The heart of user experience (UX) design is wireframing, but UX can also involve information architecture, user research, rapid prototyping, and sometimes even content strategy.
User interface (UI) design is the styling layer on top of the wireframes.
I have worked some some brilliant UX designers who are terrible visual designers. And I've worked with some inspiring visual designers who are awful UX designers. The combo person does exist, but they're much more rare because it really is equal left brain and right brain type of work.
So back to the question. I have worked with UX designers who have used tools like InDesign and Illustrator, but also Keynote, and of course Sketch. Visual designers typically work with Photoshop and Sketch.
InDesign is fine for wireframing. But as a production tool to get from a visually-designed page or screen to developers' hands, it is not the right tool. InDesign cannot export the necessary assets for a developer. There are no tools out there (like Zeplin) for developers to translate an InDesign document to specs they need. A tool like Zeplin can read Sketch or XD documents and extract the font info, colors, and spacing so a developer can reproduce that in code like CSS, Swift, or Java. Sketch overtook Adobe's stranglehold on digital design because of its built-in developer-friendly features. And for now, it certainly is the "UX/UI" designer's tool of choice.
Now, Photoshop and Illustrator can and should indeed coexist with Sketch. I *hate* the drawing tools in Sketch. So for icons and illustrations, I draw them in Illustrator before bringing them into Sketch. And obviously, for complex images, I do that all in Photoshop before bring them into Sketch. In other words, for screen-based design, Sketch acts like the "layout" program that InDesign is for print.
Thanks for your reply. This was very informative.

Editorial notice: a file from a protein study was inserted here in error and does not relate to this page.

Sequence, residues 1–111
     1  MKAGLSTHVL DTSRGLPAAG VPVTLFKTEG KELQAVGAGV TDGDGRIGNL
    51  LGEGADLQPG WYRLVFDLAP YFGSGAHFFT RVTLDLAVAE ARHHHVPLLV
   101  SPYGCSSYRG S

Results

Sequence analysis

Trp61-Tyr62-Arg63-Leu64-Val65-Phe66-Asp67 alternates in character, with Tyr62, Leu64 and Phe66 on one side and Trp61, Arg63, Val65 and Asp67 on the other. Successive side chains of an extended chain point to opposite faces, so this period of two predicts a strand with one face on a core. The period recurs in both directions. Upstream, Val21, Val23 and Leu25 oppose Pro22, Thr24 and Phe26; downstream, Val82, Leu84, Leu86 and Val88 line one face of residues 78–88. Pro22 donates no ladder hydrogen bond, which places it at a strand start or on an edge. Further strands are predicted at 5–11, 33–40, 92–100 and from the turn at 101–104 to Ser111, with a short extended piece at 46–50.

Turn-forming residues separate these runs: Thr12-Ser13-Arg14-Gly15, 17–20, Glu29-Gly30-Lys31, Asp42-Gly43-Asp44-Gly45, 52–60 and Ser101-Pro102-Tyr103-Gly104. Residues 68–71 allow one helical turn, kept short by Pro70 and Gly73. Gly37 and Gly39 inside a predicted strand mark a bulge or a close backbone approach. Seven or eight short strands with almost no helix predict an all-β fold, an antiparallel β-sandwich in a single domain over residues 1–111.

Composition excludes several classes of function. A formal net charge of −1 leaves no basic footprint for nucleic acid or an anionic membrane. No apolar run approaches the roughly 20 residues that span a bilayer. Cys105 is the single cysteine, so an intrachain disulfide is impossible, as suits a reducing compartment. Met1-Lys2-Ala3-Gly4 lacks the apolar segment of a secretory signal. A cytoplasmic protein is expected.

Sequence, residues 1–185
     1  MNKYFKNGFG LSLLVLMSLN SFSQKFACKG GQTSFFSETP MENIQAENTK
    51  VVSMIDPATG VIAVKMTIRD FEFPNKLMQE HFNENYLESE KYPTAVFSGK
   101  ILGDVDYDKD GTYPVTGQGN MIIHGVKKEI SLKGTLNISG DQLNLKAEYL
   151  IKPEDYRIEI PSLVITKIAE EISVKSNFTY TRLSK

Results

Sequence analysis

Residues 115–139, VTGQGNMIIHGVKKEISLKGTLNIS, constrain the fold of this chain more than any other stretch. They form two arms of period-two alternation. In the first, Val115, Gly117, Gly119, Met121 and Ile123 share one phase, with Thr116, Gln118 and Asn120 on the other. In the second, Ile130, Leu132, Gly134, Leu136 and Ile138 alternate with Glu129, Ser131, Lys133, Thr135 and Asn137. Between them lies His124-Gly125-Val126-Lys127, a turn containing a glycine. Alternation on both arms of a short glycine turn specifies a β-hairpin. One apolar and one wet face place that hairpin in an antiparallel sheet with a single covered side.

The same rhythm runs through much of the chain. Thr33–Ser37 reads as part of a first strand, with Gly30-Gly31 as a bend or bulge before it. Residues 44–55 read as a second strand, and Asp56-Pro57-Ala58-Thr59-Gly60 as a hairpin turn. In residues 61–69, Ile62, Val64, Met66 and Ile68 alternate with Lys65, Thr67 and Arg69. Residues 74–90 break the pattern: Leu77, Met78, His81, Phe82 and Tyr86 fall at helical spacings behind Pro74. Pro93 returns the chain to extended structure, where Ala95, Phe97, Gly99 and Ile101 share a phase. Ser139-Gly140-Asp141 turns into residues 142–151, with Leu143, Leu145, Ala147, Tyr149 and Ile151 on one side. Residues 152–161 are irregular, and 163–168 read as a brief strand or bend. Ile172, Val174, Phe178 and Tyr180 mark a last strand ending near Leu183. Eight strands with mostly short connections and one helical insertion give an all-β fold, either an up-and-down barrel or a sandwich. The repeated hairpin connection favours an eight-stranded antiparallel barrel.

So just to go into a new perspective of this topic, i would like to see what your opinions are in regards to the 5 best tools for specific multimedia design fields.
For example: With this UX/UI that we've been talking about, i would say that a good technical skillset for a UX/UI designer would be (in any order)
1. PS, 2. AI, 3. Sketch, 4. Invision, 5. XD
what about other fields such as video editing, environmental graphics, product design, web, etc?
I would say that Illustrator and Photoshop are used with the UX/UI app--not necessarily a replacement for the app. I don't think InDesign really enters the equation.
Also, Adobe XD is cross-platform, Sketch is not, so it remains to be seen how that affects future market share.
It's hard to dismiss the power of the Creative Cloud, since one has access to programs of most disciplines. It becomes harder to justify a separate purchase and upgrades for other software. That's not to say that the Adobe software is always the best at everything, but if one has CC, it's readily available.
Regarding the professor--just because some people use ID for interface design, that does not mean that is the norm. Some users use ID for website design, but that does not make ID an actual webdesign program. I would question the inclusion of ID in the list of software.
I think it's hard to say if one is not a working professional in that field. For example, I'm very versed in graphic design and digital design so I can say what I said with authority. I can't presume for some of the other fields.